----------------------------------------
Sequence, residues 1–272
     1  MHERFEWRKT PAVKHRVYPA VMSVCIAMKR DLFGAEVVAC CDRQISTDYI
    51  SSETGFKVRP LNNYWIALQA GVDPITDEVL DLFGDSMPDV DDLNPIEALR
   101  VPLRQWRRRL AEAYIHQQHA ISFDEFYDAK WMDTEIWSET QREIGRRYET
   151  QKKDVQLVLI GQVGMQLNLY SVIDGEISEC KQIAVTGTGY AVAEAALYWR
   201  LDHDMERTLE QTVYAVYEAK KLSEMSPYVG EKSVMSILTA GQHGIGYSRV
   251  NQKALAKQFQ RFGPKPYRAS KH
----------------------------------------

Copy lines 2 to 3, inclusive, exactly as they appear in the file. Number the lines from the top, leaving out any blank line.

     1  MHERFEWRKT PAVKHRVYPA VMSVCIAMKR DLFGAEVVAC CDRQISTDYI
    51  SSETGFKVRP LNNYWIALQA GVDPITDEVL DLFGDSMPDV DDLNPIEALR